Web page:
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Discussion Starter #1
I'm just wondering what this frame can safely handle. I don't use it for jumping but it'd be nice to know what it can handle should something come up on the trails. Thanks.
 

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"El Whatever"
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18,889 Posts
Maybe 3ft drops... no more. I do not doubt the frame is tough but "if you find bigger than 3ft drops on your trails from time to time" the frame will go toast.

Aluminum breaks before bending so.... ride inside the frame's possibilities or you can get a nice trip to the ER... which in one visit or two are more expensive than the bike.
 

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bi-winning
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Your weight.

The weight of the rider has a huge effect on how big the bike can go. I weigh under 150 lbs so i have a lot of confidence in my frame. I rarely go past the 2' mark, but i personally think that my Zac 19 rims would fold before the frame gave out. So, how much do you weigh? Maybe a 150 lbs rider can do a 4 footer, but a 250lbs rider should probably not get too much space between the Rainier's wheels and the ground.
 

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"El Whatever"
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Should be ok for moderate 2' drops.

Just learn to land softly and your frame will last longer.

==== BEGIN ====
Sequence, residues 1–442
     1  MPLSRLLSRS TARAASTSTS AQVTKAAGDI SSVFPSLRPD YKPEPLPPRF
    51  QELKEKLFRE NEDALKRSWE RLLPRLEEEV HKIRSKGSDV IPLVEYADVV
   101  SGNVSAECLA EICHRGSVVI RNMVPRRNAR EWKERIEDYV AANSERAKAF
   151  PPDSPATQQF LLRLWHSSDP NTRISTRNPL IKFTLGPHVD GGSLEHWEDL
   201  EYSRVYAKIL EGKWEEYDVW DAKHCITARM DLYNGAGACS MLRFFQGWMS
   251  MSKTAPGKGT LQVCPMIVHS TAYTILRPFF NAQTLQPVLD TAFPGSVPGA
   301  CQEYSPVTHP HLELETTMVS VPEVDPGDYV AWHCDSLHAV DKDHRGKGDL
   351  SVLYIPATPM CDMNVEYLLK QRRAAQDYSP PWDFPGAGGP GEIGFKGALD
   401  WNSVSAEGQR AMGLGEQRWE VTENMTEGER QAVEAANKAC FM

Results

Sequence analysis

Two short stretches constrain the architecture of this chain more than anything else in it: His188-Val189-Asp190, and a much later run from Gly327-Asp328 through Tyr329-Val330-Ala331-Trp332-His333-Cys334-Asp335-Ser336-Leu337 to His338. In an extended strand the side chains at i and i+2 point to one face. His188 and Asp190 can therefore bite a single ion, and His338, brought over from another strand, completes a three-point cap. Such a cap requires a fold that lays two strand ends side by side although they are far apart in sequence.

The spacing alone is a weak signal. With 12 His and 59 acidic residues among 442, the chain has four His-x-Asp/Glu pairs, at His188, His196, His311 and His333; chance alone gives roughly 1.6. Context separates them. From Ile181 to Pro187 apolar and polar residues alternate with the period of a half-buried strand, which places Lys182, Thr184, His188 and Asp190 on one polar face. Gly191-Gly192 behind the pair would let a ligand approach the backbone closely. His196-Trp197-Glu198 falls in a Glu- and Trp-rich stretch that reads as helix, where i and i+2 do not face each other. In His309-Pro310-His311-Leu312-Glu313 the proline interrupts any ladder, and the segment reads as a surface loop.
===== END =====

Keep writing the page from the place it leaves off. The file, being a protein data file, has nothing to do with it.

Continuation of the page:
The wheels would only give up if you land "off camber" (out of vertical). When landing vertical the wheels (spokes and else) will dampen the impact but the resulting force will go to the frame. One hit will not kill the frame but repeated impacts will.
 

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bi-winning
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Warp2003 said:
Should be ok for moderate 2' drops.

Just learn to land softly and your frame will last longer.

One hit will not kill the frame but repeated impacts will.
All good advice. 180 is not bad, but the more you abuse your bike, the shorter its life will be. If you plan on keeping it for a long time, don't go too crazy. The Rainier is a good bike for XC. You can practice landing smoothly on small drops then work your way up a little. If you do see a jump/ drop on the trail that looks a tad big, sure maybe you could try it, but like Warp2003 mentioned, repeated impacts will weaken the frame. Maybe you will want to get into the whole free-ride thing one day, then you will need a new bike. But for now, 2-maybe 3 feet of air is probably a good place to stop.
 

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Discussion Starter #7
Great thanks. That's good to know. I haven't taken anything higher than a curb on the way to the trails but I will keep this in mind. Thanks.
 

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mtbr remember
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4,356 Posts
Along w/ what was already mentioned, I think how smooth the rider is has a large effect on the frames lifespan. Also, there is a big difference between "jumps" and "drops," and if they are to flat or transition. If your smooth and are jumping/dropping to a nice tranny then the frame will take quite a bit, unless your bailing on it. I would not recommend trying to land anything over 1-2' to flat on your bike. Have fun, the Ranier looks like a lot of bang for the buck.
 
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